Exactly how malleable are our beliefs? It’s not so much a question of changing people’s political opinions. That seems to be very easy. In the past half century we’ve seen extraordinary, and extraordinarily rapid, changes in the population’s views on various political and social issues. Political positions that enjoyed almost no support at all a couple of decades ago (such as homosexual marriage) now enjoy majority support. And among the young, overwhelming support.
Immigration was very unpopular a few decades ago. Today it has sufficient support that immigration restrictionism has become a non-viable political position.
Political positions that were considered to be open to some debate, such as climate change, are no longer open to question. Among the young climate change is absolutely unquestioned.
But to what extent have beliefs really changed? Are people simply conforming to these dominant ideologies because they’re too scared to disagree? Or because it’s easier and more socially advantageous to conform outwardly? Have people’s core beliefs actually changed?
Perhaps we should look to history. In 1520 England was a Catholic country. A hundred years later the English were rabidly and hysterically anti-Catholic. Was this a sincere abandonment of one religious conviction for another? Was it, despite the anti-Catholic hysteria, mostly superficial? In fact was the hysteria a sign of over-compensation?
One interesting recent sign is the rabid Sinophobia that has emerged in Australia in the past few months. Anti-racism is the dominant ideology in Australia as it is throughout the Anglosphere but now that anti-Chinese racism is not merely socially acceptable but approved by the government and the media Australians seem to be enthusiastically embracing it.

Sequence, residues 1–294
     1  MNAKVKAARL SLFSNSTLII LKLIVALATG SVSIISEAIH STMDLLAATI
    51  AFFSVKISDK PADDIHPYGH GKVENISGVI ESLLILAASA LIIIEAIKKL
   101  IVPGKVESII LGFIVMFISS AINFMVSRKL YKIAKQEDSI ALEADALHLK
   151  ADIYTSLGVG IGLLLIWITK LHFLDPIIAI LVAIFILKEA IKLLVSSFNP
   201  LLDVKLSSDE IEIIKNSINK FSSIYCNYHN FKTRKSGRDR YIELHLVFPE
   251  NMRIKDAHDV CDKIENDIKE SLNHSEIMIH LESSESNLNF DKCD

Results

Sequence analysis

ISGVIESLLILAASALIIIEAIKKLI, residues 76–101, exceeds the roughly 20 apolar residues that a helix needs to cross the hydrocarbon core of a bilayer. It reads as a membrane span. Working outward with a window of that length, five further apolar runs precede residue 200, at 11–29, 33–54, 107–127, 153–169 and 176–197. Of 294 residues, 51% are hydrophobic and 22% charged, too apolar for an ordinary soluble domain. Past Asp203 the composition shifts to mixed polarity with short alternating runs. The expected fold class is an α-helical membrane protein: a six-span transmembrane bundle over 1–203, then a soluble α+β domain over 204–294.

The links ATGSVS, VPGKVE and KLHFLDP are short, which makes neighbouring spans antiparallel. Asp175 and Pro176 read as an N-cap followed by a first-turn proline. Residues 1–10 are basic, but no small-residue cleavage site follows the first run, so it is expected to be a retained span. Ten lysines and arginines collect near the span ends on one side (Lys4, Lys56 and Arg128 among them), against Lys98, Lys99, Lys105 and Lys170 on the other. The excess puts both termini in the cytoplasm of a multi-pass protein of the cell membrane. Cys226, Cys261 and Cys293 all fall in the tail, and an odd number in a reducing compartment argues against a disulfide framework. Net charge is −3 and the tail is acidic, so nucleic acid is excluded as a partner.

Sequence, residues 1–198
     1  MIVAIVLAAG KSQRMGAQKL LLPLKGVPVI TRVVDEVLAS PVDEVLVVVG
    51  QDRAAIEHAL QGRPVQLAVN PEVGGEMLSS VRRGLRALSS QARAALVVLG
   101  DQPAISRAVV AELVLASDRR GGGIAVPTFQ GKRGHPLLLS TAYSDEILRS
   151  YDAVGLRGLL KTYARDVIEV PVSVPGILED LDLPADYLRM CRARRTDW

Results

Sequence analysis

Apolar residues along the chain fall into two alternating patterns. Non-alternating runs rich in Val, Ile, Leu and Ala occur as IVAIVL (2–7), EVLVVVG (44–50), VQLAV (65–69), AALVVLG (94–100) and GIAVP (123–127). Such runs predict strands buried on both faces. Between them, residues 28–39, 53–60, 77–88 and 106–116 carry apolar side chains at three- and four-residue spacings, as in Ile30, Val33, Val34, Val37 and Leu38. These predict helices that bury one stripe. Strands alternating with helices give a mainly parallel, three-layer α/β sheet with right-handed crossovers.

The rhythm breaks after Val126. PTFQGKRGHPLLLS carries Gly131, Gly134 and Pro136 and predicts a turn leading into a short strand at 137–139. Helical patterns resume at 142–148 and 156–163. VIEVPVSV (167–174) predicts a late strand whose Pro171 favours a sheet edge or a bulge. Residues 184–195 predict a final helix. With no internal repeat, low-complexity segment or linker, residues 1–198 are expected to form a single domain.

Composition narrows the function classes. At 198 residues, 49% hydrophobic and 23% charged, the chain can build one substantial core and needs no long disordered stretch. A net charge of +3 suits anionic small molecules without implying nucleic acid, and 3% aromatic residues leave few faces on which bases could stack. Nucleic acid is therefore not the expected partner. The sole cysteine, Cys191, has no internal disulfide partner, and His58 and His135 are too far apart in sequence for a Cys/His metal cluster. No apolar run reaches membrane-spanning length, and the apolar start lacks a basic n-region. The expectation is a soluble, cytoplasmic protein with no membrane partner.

So is anti-racism merely a superficial change in belief?
Is the widespread belief in open borders merely superficial? If the government and the media suddenly started pushing anti-immigration rhetoric would the population simply go along and become ardent immigration restrictionists? If the government and the media suddenly announced that climate change was nonsense would people become ardent climate change sceptics?
A couple of months ago hardly anyone in Australia was wearing masks. The government and the media had told them that masks don’t work. Now the government and the media are telling people that masks not only work, they’re essential. And suddenly Australians are willing to accept the idea of compulsory mask-wearing.
There’s also the popular belief on the Right that there are millions of secret Trump voters who are unwilling to admit to pollsters that they intend to vote for Trump. But, so the right-wing theory goes, despite trailing badly in the polls Trump is going to win easily. Is this theory correct? Are millions of people outwardly conforming to anti-Trumpism while being secret MAGA hat-wearers? In a few months we’ll know the answer to that question, which may provide some clues as to the answers to the other questions I’ve posed.
Is it possible that political opinions are so malleable that public opinion really can turn on a dime?
Is it also possible that most people don’t really have strong political opinions? That they merely outwardly conform to whatever beliefs make life easy?